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It’s not just walleyes, try crappie fishing this Memorial Day weekend

Ken Seufert, left, and Susan Sundin, right, hold up crappies caught in Lake Winnibigoshish on May 21, 2024.
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Jeff Sundin
Ken Seufert, left, and Susan Sundin, right, hold up crappies caught in Lake Winnibigoshish on May 21, 2024.

Jeff Sundin has been a professional fishing guide in Minnesota for almost 40 years. In 2023, he was inducted into the Minnesota Fishing Hall of Fame and he’s a weekly guest on KAXE

GRAND RAPIDS — While walleye is a popular fish among anglers like Jeff Sundin, he also loves looking for pan fish, especially crappies.

According to Jeff, crappies are biting when the lilacs bloom, but this year is not as predictable, due to recent rains impacting water temperatures across the region.

“They’re in the neighborhood where they want to spawn, but they haven’t moved in so that cold water is keeping them from making that final plunge,” Jeff said on the KAXE Morning Show.

Jeff Sundin holds one of his favorite fish, the crappie, getting ready for the 2024 Memorial Day weekend of fishing.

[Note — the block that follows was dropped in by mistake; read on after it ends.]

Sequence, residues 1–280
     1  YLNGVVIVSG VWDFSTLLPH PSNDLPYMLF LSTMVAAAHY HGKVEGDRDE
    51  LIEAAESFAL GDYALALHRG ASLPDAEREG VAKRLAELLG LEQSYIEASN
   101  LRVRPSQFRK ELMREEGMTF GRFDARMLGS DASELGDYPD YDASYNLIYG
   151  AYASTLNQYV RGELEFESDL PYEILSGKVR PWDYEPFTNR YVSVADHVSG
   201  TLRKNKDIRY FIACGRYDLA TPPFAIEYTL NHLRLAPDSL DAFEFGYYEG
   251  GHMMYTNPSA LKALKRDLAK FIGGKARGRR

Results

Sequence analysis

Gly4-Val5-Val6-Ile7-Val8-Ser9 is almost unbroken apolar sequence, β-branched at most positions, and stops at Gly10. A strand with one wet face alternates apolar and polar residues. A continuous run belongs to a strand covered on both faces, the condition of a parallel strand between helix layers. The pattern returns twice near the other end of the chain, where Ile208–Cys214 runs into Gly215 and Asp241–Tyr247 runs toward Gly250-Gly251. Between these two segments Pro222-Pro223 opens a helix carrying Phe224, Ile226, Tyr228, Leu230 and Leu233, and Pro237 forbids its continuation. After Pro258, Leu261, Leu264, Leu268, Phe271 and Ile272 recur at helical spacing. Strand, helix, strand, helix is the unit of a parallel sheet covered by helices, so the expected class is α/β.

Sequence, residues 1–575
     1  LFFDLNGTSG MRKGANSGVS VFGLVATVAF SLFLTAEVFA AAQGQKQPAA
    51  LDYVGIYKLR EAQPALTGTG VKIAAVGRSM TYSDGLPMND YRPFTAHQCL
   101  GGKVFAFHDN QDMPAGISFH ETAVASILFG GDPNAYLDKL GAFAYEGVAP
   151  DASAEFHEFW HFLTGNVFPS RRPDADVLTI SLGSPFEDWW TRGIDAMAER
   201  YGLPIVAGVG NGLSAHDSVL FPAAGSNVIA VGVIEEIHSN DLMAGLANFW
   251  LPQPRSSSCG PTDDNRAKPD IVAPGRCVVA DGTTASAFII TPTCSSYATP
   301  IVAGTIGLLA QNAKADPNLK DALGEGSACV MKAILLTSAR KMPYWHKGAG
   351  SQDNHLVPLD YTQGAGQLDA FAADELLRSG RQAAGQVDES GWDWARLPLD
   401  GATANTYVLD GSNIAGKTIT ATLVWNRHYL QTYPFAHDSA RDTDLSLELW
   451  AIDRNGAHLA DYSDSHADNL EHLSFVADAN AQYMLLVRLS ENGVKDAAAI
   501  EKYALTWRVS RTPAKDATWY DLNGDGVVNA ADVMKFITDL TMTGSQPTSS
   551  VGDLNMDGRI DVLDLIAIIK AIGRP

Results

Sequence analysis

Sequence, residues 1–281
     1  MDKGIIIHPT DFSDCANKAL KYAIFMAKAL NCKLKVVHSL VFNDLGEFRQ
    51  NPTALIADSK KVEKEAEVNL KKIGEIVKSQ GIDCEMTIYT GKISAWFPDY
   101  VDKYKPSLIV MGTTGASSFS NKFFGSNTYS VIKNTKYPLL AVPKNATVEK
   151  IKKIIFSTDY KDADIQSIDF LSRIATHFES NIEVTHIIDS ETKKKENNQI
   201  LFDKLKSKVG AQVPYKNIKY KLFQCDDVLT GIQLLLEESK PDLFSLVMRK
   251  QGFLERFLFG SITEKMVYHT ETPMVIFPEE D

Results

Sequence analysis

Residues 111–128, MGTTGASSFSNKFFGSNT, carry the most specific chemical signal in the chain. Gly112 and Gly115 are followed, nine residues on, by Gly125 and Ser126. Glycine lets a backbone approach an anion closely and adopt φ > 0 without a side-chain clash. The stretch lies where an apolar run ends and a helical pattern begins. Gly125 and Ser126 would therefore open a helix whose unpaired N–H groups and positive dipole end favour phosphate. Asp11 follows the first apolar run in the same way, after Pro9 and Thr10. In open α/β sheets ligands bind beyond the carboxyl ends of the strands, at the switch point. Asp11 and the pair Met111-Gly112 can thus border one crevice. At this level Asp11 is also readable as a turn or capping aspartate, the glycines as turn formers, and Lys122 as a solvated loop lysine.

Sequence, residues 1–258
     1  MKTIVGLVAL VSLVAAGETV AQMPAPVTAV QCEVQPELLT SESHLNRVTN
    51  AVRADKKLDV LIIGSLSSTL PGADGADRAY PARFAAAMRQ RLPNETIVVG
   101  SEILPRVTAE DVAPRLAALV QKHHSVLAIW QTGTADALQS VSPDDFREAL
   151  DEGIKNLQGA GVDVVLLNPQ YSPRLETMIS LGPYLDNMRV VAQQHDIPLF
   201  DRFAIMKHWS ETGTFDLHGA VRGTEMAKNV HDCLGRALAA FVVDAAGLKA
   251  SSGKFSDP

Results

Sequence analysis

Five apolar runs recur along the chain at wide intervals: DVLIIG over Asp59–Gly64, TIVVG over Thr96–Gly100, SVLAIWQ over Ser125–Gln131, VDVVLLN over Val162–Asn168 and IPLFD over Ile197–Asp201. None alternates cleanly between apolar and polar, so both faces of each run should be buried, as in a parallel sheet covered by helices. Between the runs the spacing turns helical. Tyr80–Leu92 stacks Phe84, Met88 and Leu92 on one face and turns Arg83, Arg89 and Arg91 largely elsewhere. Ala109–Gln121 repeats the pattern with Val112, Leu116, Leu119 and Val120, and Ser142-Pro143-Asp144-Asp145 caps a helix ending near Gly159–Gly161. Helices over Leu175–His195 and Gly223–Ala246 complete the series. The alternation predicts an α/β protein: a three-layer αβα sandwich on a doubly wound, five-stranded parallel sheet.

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©2024 Fishing Blue Books, LLC All Rights Reserved
Jeff Sundin holds one of his favorite fish, the crappie, getting ready for the 2024 Memorial Day weekend of fishing.

He explained that the majority of crappies are in the cabbage weeds located near bulrushes along the shoreline. Jeff thinks the cold blustery May weather might make them skip spawning completely. But if we get a warm up, they will move towards shorelines and weed beds quickly.

Jeff’s Fishing Report from Lake Winnie

In Jeff’s report on Lake Winnibigoshish for May, he wrote about the effect of cooler temperatures on walleyes.

"It pushed walleyes off of the 12- to 16-foot flats, and over the edge of breaklines leading into deeper water. The key depth in the areas we fished ranged from 20 to 26 feet of water. Those walleyes were catch-able, but not aggressively feeding and definitely very wary of boat traffic. I saw several instances when anglers in one boat caught a few fish from a freshly discovered school. Seeing that, other anglers headed toward that boat, and as they closed in on them, killed the bite."

You can read more of Jeff’s report or listen to our conversation above.


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